The Great Trouble: A Mystery of London, the Blue Death, and A Boy Called Eel by Deborah Hopkinson (ages 9 – 12)
Wow. I not only learned a TON from this historical fiction novel, but it was thoroughly mesmerizing! Eel’s an orphan who turns one of his odd jobs into saving lives when he helps a real historical person, Dr. Snow, determine if the water pump in Eel’s neighborhood is the source of deadly cholera.
Running Out of Night by Sharon Lovejoy (ages 8 – 12)
I highly recommend this powerful story of two maltreated girls who hope for a better future. The narrator is a white girl in the south who is nothing more than a slave to her family, she doesn’t even have a name. She meets and joins a runaway slave who is escaping the horrific brutality of slavery and separation from her family. Together they find kindness and hope with a Quaker family.
The Unexpected Life of Oliver Cromwell Pitts by Avi (ages 8 – 12)
Refugee by Alan Gratz (ages 8 – 12)
Wow. This book is a tween must-read book. Not only are the stories compelling, it’s vitally important for kids to learn what it’s like to be an immigrant, particularly a refugee. Follow three distinct, alternating stories to experience being displaced from your country, on the run, and in danger. First is a young Jewish boy who escapes from Nazi Germany on a ship to Cuba, only to be turned away from the Cuban port and sent back to Europe. Next is a Cuban girl in the 1990s who, with her family and neighbors, flees in a homemade raft to the United States at great peril. Finally is a Syrian boy whose home is bombed in a country at war. He and his family travel a great distance to find a country that will allow them shelter. Gatz skillfully connects all three stories with a satisfying, realistic conclusion.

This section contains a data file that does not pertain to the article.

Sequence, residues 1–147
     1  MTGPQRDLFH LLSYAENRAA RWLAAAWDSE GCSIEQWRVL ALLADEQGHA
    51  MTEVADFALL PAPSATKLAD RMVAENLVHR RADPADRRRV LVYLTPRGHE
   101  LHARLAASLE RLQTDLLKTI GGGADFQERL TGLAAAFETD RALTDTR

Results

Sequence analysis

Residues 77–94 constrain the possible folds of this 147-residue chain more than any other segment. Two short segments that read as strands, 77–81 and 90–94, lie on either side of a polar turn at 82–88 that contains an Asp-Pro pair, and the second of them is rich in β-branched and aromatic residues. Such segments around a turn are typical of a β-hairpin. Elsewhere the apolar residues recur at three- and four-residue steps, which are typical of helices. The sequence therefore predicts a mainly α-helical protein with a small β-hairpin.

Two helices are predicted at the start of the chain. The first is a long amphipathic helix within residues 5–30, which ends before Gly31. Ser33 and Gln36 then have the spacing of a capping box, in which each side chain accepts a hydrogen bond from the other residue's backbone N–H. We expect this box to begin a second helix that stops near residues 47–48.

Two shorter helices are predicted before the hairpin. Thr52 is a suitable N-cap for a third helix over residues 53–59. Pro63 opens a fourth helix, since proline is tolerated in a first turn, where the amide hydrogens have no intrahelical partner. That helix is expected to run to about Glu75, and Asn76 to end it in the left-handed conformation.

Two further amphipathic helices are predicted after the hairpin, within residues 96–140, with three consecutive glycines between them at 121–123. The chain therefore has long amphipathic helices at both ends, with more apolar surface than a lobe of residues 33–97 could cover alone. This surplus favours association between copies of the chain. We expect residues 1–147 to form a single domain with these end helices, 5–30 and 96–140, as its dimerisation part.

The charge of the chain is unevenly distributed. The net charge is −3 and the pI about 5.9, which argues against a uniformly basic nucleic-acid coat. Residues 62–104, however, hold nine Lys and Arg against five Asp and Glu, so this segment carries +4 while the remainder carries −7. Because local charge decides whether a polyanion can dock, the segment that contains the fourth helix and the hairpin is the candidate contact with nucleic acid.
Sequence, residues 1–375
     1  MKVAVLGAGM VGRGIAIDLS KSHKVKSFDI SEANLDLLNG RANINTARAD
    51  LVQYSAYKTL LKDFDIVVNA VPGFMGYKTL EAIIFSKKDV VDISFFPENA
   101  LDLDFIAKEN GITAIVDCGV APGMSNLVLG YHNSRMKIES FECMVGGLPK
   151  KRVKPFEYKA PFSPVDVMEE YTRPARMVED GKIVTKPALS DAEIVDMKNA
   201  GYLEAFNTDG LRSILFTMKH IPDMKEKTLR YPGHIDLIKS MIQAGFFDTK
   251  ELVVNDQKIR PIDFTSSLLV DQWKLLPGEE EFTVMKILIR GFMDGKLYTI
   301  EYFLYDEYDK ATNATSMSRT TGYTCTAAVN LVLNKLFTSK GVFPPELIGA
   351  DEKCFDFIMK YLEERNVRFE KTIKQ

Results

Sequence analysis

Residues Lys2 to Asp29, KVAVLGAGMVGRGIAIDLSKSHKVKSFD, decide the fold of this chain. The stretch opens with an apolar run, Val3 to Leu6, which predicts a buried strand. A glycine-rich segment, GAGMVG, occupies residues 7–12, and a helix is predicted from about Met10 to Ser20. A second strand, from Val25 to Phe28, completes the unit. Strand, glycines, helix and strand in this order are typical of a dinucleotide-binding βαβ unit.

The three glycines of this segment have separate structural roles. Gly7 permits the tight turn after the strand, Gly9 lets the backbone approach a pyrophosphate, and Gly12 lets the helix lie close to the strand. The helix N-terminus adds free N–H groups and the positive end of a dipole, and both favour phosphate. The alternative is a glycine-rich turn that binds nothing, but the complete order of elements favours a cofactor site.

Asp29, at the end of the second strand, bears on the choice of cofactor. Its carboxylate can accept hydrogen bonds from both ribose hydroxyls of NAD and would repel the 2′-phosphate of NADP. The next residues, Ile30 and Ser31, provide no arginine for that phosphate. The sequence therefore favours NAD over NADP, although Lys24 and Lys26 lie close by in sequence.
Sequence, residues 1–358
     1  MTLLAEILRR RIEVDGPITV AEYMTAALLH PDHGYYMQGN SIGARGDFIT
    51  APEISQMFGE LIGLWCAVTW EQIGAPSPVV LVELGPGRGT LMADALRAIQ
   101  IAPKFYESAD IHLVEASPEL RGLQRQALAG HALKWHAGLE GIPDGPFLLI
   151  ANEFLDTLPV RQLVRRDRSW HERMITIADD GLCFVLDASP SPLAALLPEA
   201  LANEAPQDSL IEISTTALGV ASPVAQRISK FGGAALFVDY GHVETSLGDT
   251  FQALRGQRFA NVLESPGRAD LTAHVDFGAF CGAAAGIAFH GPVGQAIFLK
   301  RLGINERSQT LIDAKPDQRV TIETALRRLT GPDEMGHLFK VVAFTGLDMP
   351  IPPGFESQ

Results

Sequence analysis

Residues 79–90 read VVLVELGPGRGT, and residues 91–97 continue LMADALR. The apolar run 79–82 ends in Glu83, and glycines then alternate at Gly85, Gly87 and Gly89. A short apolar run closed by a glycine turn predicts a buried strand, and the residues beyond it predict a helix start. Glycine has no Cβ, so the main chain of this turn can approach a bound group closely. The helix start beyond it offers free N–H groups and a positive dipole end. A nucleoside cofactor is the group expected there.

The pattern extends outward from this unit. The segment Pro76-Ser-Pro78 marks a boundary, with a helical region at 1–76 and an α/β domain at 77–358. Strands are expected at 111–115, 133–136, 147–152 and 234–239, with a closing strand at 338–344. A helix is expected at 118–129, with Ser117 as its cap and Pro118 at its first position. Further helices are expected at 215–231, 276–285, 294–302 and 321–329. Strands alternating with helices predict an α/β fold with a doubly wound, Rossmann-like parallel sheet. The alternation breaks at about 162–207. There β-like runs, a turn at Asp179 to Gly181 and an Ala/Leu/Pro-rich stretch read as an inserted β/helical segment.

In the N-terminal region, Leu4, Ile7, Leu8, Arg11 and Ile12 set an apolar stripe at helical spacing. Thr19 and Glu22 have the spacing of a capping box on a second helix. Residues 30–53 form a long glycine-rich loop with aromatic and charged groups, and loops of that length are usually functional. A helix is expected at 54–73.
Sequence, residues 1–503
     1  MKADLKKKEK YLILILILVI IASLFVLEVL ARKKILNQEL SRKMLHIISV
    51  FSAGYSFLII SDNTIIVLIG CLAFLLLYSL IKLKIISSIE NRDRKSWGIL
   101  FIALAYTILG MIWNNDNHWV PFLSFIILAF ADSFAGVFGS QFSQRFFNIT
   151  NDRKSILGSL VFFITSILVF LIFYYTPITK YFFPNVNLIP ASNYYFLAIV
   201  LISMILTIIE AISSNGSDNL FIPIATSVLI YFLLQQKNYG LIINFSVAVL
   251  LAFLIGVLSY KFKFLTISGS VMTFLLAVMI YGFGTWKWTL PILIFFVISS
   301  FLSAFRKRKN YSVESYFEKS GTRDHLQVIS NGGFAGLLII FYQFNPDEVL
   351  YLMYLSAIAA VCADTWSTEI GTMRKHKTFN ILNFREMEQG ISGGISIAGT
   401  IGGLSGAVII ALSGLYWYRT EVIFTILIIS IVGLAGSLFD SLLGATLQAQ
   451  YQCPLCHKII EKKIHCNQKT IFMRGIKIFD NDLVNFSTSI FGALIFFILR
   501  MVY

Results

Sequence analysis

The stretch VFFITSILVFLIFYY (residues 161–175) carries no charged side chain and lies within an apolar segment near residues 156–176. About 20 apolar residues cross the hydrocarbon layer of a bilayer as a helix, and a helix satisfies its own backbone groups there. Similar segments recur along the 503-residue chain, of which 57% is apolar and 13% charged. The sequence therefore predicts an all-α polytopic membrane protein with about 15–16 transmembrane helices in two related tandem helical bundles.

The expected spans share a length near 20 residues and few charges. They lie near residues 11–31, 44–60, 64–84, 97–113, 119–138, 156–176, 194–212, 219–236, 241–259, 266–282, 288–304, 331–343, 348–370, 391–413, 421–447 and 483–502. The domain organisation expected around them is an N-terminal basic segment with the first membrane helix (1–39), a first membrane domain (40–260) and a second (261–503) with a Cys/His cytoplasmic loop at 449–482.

Ground Zero by Alan Gratz (ages 8 – 12)
Disturbing. This first-person story of a boy named Brandon who was at the towers during 9/11 with his dad shows the confusion, fear, and horror. Sensitive readers, be aware that this book does include events like the wall of fire and the people jumping off the building and yet, shows a complete stranger taking responsibility and care of Brandon ultimately getting him to safety even though Brandon’s father doesn’t make it. Simultaneously, we read a first-person story about a girl in Afghanistan. I didn’t love how disjointed the stories felt alternating back and forth but liked the way that Gratz tied them together and left us with the message of not us against the world but us working for each other.
Strong as Fire, Fierce As Flame by Supriya Kelkar (ages 8 – 12) (#OwnVoices)
Don’t miss this powerful story set in colonial India about a girl finding her voice and inner strength. Meera’s dad holds fast to his beliefs that if her husband dies, so she must also die. She’s only twelve and still lives at home but just as she’s about to live with her husband (who she married as a child), her husband dies! Now her father expects Meera to join her husband’s funeral pyre. She doesn’t go. Her aunt gives her the courage to flee. But as she’s escaping, she’s captured by a British captain and assigned to work in his kitchen where she witnesses firsthand the institutional racism and cruelty to her people. Initially, Meera is afraid but she learns that she can not look the other way and fights back by helping the resistance.
Echo Mountain by Lauren Wolk (ages 8 – 12)
The Player King by Avi (ages 8 – 12)
It’s England in the 1400s with a usurper king on the throne, King Henry VII. When a friar spots kitchen boy Lambert Simnel, he tells him that Lambert is really the next in line to the throne, that he is the missing Prince Edward. So begins Lambert’s journey from poor pauper to heir-in-hiding. Based on true events, Avi skillfully weaves a believable story of this little-known historical event. Fascinating.